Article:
Here are two things that are currently a bit rubbish: the standard and availability of mental health care, and the quality of AI doing the job of a human. Would applying an AI bandaid do anything to touch the former problem, or make it worse? And is it a problem bad enough to give up a bunch of personal information to tech valley datacentres? These are some of the questions you’ll be able to ponder while playing Eliza, a visual novel set in a world where an algorithm provides counselling to those in need via a human proxy who reads the script they’re provided. It’s about as creepy as it sounds, as you can see from the trailer below.
The game follows Evelyn Ishino-Aubrey, who has recently returned back to Seattle after a long and mysterious time away, a new proxy for the AI Eliza service. She herself will need to wrestle with the questions of boundaries and privacy and care, while also considering her own history and place in the system.
Though it deviates from Zachtronics' usual puzzle-programming games (and therefore puts a wrench in the Alice-O-coined “Zachlikes” genre), the visual novel format works well. For example, the fact that the first AI-driven therapy session didn’t give me the option to deviate. Where other conversations had dialogue choices, in speaking with client Darren I could only say what Eliza wanted me to say, simulating the pressure of Evelyn’s job of sticking to the script.
It’s too early for me to say anything about the game’s approach to its big questions, but “levelling up” in the Eliza app after the session with Darren did feel particularly grimy. It stands to reason that the AI would bring gamification to its workers, but I’m not sure I need to be level 2 in reading what the algorithm thinks I should say to desperate people, even if it is truly helping them. And that’s a big if.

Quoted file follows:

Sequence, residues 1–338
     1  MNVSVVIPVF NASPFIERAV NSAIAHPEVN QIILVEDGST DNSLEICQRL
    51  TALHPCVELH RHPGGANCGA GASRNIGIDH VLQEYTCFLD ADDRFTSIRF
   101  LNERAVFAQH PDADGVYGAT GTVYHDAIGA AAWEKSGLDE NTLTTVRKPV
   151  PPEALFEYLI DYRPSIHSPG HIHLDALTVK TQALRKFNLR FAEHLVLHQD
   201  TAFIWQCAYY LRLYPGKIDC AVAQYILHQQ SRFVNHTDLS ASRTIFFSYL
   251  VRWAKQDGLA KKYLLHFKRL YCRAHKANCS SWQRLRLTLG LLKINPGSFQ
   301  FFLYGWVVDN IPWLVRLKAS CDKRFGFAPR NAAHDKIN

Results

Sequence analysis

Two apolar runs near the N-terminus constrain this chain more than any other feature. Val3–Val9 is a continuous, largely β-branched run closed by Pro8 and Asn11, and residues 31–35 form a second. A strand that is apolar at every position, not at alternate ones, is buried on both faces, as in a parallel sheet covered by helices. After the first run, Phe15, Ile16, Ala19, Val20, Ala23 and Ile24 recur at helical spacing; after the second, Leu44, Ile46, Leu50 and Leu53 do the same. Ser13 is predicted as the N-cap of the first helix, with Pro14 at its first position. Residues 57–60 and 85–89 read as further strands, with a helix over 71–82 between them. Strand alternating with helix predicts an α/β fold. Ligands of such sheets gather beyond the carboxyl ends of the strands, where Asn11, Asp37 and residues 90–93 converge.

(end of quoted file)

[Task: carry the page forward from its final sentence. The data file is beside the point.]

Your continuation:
I am looking forward to playing more, especially after reading Sin’s thoughts on it as the Unknown Pleasures pick of the week.
Eliza touched on all of the issues in under an hour. The personal story of Evelyn, the problems she had in her old job, her own mental health, the troubles faced by her patients, their concerns with the system, its sinister dystopian possibilities, and, despite my distaste, its potential benefits. That’s not just a good idea, that’s a good idea someone really cares about and understands, and has the talent to write.
Colour me invested enough to dive back in tonight. And somewhat relieved that this has come out while my therapist is on summer break so that I don’t accidentally waste the whole of our next session just asking what they think about it all.